In response to negative feedback from some participants regarding focused time, the meeting invites relating to focused time were changed from “busy” to “free”, as the busy status was impacting interactions with departments not involved in the trial, clients, and forcing some meetings outside of normal working hours. However, we agreed that the time would remain blocked out as a reminder.

A review was made of the “status options” in Teams to allow better visibility of someone’s status prior to contacting them.

Outcome – 3 months

At the end of three months, participants were asked again for  feedback, comparing that position with their feelings before the start of the trial:

1.     How do you feel focused time helped your productivity?

46% positive, 54% neutral, 0% negative

2.     I am more/less able to concentrate on the things I need to do

46% positive, 54% neutral, 0% negative

3.     I feel a greater sense of achievement as a result of the reduction in distraction

38% positive, 62% neutral, 0% negative

We noted that the changes agreed for the second phase of the trial had removed the small volume of negative feedback but had also reduced the positive feedback, with the majority of respondents now in the neutral category, albeit slightly in favour. 

A discussion with the group indicated that the removal of distractions had a positive effect on work satisfaction. However, the changes made to focused time to make that system less rigid had reduced the effectiveness of the system for some users, but on the other hand, those changes had also enabled a greater degree of acceptance from those who previously rated the system negatively.

Further changes have now been agreed to focused time to allow people to choose their own time each day for focused work – this removes the simplicity of everyone having the same focused time, but recognises that the different working times and working patterns, even across a small group of people, make it difficult for everyone to accept the same periods each day.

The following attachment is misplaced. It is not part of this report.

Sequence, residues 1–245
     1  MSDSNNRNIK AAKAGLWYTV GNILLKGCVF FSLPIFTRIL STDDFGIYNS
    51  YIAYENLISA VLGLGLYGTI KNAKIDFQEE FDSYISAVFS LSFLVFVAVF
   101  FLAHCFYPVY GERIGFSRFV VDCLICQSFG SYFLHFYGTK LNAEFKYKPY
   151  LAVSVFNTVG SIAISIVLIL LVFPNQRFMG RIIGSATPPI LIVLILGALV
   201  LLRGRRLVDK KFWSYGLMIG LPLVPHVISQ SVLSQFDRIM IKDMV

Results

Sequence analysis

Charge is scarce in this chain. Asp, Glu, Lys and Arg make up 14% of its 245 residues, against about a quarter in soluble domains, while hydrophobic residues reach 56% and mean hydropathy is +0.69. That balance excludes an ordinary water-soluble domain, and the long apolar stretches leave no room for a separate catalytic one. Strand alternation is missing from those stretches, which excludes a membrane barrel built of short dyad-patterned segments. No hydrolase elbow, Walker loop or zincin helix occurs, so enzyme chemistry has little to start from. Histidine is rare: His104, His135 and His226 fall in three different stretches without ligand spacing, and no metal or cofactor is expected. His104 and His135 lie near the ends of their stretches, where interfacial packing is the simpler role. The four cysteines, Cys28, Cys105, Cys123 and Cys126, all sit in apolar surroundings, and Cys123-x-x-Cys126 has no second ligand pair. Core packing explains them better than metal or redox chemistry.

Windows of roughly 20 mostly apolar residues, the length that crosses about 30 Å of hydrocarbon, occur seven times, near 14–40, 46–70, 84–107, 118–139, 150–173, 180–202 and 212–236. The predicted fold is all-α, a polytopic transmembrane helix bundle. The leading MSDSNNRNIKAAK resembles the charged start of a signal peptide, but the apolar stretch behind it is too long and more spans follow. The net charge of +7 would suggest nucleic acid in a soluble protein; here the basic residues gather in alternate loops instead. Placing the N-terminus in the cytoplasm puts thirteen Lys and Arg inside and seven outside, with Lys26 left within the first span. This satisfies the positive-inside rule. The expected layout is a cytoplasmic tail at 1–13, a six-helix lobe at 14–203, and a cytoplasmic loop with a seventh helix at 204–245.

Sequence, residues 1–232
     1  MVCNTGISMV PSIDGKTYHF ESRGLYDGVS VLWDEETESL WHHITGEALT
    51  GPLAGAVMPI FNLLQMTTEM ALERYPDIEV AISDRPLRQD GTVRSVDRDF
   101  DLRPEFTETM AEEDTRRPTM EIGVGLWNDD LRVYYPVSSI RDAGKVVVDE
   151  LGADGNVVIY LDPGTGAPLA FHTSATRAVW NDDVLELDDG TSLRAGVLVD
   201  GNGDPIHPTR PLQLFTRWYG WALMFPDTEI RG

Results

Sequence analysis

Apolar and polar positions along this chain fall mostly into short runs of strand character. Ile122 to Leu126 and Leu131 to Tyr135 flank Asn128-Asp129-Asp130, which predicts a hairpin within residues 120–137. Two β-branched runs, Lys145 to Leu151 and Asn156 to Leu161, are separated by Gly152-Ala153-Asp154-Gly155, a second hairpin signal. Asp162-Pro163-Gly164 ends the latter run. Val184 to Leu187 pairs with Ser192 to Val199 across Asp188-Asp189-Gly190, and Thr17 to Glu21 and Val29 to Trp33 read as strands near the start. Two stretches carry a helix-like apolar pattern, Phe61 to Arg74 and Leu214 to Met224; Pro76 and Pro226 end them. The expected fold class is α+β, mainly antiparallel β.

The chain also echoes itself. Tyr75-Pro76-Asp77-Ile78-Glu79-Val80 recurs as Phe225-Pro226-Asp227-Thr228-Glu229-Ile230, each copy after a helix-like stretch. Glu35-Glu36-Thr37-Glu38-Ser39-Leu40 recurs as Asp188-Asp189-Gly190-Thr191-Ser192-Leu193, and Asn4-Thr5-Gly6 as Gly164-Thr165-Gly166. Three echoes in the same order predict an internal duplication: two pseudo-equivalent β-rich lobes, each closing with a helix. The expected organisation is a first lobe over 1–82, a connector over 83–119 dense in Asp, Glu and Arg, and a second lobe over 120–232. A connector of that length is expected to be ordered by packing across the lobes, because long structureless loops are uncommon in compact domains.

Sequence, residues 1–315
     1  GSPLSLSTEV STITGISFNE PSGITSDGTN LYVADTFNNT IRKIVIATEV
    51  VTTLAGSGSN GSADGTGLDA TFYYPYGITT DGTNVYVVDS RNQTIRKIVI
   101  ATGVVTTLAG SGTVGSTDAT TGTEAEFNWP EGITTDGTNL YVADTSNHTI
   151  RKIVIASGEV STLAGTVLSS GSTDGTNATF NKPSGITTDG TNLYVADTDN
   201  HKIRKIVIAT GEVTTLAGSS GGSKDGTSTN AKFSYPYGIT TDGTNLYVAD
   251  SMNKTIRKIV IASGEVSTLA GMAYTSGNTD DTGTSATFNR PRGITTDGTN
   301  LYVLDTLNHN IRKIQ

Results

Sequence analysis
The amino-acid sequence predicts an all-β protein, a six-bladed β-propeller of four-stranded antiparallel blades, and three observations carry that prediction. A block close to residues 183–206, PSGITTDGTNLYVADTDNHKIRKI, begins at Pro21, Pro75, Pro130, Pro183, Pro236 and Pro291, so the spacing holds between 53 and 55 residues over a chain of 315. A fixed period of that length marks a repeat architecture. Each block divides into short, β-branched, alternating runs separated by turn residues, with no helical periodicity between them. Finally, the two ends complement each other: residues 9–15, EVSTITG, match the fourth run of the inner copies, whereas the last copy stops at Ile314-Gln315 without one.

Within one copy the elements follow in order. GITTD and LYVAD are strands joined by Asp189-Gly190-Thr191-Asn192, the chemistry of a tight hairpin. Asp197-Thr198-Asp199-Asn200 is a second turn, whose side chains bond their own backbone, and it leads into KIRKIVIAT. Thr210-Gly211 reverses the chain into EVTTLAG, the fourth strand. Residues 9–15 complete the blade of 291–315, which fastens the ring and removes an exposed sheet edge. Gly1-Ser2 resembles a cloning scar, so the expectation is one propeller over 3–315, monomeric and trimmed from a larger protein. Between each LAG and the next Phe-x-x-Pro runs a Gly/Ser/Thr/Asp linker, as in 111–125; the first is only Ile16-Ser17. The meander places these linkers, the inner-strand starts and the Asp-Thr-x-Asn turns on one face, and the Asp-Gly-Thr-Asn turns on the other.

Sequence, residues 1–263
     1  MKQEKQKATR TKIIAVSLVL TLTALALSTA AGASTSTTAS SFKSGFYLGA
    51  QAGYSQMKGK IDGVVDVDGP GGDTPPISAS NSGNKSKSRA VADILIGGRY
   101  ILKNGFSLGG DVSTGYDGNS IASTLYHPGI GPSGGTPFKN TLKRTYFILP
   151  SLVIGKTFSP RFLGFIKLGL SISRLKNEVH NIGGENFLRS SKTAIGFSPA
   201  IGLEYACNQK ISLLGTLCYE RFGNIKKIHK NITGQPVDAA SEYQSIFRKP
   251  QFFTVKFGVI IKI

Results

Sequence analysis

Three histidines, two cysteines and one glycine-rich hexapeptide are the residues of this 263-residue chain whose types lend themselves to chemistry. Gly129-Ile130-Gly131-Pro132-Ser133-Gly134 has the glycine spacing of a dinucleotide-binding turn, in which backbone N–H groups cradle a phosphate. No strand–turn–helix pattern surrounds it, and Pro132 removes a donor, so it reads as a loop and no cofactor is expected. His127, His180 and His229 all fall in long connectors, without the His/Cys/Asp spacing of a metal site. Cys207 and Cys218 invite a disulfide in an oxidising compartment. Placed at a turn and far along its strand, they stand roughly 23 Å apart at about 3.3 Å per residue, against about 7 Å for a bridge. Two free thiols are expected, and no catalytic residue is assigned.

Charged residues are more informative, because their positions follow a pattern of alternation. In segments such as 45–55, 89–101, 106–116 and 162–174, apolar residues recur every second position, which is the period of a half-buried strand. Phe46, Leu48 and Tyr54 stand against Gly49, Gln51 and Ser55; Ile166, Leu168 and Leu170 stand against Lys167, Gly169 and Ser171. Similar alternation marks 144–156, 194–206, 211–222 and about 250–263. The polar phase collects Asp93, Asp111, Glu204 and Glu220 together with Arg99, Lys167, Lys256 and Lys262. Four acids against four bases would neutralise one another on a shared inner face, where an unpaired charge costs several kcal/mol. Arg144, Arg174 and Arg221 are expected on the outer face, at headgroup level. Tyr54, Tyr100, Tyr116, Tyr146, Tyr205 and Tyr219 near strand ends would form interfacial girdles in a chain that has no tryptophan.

The greater flexibility offered by allowing individuals to choose their own focused time brings with it the time impact of each user having to ensure that their calendar accurately reflects their availability, and to check the availability of another user before making contact, unless there is an emergency.


Different people across the group have taken different elements from the trial and made a variety of changes to their personal work habits.

Overall, we feel that the process has been a success, particularly in raising awareness of the negative impacts on unstructured instant messaging, and that it has given people ideas on how to deal with those issues.  

An essential part of the improvements are the removal of distractions, clear shared expectations of response times, and a suitable emergency contact protocol. Engagement with the team during the trial phase and enabling them to feedback and make changes on an individual and team level was also a critical part of the successful implementation

FICPI's view and involvement

FICPI uniquely combines education and advocacy on developing the professional excellence of its individual members and on work around topics around practice management, patents and trade marks. FICPI Forums, Congress, committees and meetings are opportunities to gather insights from the international IP attorney community on any issue, whether it be practice-related or topics of patent and trade mark law.